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Artistic Expressions Dentistry

How Smoking Affects Oral Health (aka More Reasons to Quit)

By Bruce Wilderman on September 05, 2014

An older couple outdoorsHere at Artistic Expressions Dentistry, we feel that patient education is an important part of the dental care process. Many of the patients who visit us from around the greater Philadelphia area agree. We always do our best to inform them of the latest cosmetic dentistry treatments that can enhance the appearance of their smiles as well as advanced restorative dentistry treatments that improve dental wellness. We are also more than happy to provide patients with dental care tips and discuss the negative consequences of certain actions and activities.

With this in mind, we want to look at the damage that is done to your overall oral health if you are a smoker. Some of the following facts may be more obvious than others.

Smoking Causes Tooth Stains and Discoloration

One of the most notable problems that smoking can pose to your oral health is an aesthetic one. Smoking, particularly for many years, will lead to the gradual discoloration of your teeth. This yellowing and staining can be especially bad if a person has smoked for years. This is just one reason to avoid smoking, but there are many other compelling ones.

Smoking Increases Your Risk of Gum Disease

Gum disease increases your chances of developing gum disease, which is the bacterial infection of the soft tissues of the mouth. The gum tissue cells do not function as they should in a smoker's mouth, and they wind up being more prone to infection. Gum disease comes in three stages:

  • Gingivitis
  • Periodontitis
  • Advanced periodontitis

If left untreated, gum disease can lead to bleeding gums, discolored gums, gum recession, loose teeth, and the spread of the infection to the jawbone. To help prevent gum disease, it's best to quit smoking.

Bad Breath and Smoking Are a Given

Smoker's breath is one of the least appealing odors out there, and if you're a smoker, you're going to have it. This may seem obvious, but the bad breath can persist even if you don't think it does, lingering on your lips and the skin around the mouth. What's more, the smell of cigars and cigarettes can permeate the clothes you wear and the items in your home.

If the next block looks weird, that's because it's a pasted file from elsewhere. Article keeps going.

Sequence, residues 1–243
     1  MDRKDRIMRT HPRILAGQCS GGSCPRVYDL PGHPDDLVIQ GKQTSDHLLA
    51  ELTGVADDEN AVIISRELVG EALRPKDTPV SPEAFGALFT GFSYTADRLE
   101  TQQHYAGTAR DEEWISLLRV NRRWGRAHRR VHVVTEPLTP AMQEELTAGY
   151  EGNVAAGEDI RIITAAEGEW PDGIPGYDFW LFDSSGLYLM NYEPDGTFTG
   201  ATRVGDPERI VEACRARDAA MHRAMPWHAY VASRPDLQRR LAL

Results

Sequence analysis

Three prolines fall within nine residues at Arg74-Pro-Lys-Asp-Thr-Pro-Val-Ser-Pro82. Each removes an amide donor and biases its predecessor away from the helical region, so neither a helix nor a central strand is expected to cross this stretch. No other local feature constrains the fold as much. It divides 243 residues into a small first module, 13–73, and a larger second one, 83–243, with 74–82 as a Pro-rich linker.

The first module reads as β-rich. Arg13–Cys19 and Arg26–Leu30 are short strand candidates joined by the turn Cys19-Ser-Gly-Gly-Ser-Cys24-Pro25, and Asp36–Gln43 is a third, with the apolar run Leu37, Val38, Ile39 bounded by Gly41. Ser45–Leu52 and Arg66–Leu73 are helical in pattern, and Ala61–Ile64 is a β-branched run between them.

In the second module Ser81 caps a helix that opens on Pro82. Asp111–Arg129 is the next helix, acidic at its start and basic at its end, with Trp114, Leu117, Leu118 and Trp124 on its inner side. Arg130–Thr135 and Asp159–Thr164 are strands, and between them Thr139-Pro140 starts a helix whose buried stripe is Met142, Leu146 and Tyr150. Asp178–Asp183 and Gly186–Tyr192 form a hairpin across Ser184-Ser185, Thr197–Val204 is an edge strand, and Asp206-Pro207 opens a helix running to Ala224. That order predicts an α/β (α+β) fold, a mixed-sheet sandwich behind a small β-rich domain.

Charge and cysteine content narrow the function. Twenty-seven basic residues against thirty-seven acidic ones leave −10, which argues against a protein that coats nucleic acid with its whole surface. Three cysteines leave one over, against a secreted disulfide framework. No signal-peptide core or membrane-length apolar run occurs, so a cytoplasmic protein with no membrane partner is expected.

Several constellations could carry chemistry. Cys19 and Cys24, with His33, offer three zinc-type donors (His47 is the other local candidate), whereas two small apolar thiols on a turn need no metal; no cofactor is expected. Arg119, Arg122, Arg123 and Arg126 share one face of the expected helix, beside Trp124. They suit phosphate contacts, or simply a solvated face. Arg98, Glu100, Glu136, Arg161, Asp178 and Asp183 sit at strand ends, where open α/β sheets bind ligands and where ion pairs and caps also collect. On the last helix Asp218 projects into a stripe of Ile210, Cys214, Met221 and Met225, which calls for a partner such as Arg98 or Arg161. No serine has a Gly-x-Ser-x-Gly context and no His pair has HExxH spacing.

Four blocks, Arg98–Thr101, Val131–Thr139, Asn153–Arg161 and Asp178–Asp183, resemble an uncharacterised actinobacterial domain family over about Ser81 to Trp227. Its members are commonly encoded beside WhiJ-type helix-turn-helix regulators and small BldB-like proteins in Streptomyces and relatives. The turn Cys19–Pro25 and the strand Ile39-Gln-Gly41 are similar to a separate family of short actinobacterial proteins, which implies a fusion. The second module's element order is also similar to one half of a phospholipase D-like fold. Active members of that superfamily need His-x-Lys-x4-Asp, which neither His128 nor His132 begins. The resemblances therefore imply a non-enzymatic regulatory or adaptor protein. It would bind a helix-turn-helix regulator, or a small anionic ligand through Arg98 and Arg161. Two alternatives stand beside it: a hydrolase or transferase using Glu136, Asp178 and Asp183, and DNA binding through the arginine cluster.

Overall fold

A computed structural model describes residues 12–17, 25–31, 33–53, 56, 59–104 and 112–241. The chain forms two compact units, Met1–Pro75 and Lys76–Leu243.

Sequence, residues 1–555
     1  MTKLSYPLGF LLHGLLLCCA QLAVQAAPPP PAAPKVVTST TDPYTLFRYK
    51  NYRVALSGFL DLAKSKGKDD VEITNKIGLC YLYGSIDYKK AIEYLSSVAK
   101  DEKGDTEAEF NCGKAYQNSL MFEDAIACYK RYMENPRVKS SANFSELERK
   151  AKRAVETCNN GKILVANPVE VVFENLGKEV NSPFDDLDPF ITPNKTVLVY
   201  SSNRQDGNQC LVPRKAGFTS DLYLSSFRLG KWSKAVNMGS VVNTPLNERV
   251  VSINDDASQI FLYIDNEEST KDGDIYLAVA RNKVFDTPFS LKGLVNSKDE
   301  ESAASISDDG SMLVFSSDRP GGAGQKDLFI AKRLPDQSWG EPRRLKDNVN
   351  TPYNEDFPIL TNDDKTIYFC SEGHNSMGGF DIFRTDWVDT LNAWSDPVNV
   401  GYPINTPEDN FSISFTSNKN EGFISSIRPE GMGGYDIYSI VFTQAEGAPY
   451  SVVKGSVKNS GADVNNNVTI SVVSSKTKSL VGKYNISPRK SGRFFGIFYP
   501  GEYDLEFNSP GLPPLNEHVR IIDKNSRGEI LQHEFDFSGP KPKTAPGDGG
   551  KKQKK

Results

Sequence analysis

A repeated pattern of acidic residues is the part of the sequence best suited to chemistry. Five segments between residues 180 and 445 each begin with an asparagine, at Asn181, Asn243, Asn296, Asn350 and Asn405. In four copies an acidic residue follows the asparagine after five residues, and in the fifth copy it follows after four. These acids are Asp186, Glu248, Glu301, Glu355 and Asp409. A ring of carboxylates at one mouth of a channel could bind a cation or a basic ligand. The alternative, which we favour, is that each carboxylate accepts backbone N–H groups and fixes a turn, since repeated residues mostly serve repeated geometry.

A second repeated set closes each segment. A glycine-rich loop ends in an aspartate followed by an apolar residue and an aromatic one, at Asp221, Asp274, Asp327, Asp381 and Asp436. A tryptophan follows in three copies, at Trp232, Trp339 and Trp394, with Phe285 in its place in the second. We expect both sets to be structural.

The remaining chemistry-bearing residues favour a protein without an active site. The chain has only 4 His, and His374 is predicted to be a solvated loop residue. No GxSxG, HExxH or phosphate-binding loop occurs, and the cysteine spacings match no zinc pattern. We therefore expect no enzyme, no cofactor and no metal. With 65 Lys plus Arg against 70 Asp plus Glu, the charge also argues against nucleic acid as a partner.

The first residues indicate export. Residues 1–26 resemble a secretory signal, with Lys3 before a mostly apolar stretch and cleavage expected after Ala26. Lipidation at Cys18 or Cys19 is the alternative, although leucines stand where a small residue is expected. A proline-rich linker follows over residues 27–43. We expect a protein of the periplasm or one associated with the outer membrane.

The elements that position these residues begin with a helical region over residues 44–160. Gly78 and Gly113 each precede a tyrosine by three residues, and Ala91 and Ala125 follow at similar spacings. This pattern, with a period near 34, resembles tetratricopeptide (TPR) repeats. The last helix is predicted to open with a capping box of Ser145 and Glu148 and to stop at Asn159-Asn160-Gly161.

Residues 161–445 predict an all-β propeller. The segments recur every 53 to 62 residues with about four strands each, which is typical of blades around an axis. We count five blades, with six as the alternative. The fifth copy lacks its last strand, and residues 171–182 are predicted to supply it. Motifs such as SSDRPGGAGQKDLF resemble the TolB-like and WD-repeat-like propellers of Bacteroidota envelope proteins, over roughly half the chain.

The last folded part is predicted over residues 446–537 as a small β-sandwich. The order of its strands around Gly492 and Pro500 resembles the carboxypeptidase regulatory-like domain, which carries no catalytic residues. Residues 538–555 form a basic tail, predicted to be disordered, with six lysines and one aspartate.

Oral Cancer Risk Increases the Longer That You Smoke

Perhaps the biggest oral health issue that is linked to smoking is the increased risk of developing oral cancers of some kind. Smoking will not just affect the lungs. The jaw, the throat, the tongue, and the salivary glands can all be negatively affected by smoking cigarettes.

Get Help with Quitting If You're Having Trouble

Given all of the issues above related to oral health, you have plenty of good reasons to quit smoking. If it's difficult for you to quit cold turkey, consult with your general practitioner about all of the options for quitting that are out there. It's may be a tough road ahead if you're trying to stop smoking, but it's also a longer and healthier one.

Treating Dental Problems Caused By Smoking

There are many ways that we can treat the dental problems that result from smoking, whether they are predominantly cosmetic in nature or affect your overall dental wellness. These dental care treatments will be discussed in greater detail during your visit to the practice.

Learn More About Your Dental Care Options

To learn more about all of your options for excellent dental care and improving your dental health, be sure to contact our cosmetic and restorative dentistry center today. Dr. Bruce Wilderman and his staff look forward to your visit and helping you have a healthy, beautiful smile.

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400 Swamp Rd
Doylestown, PA 18901

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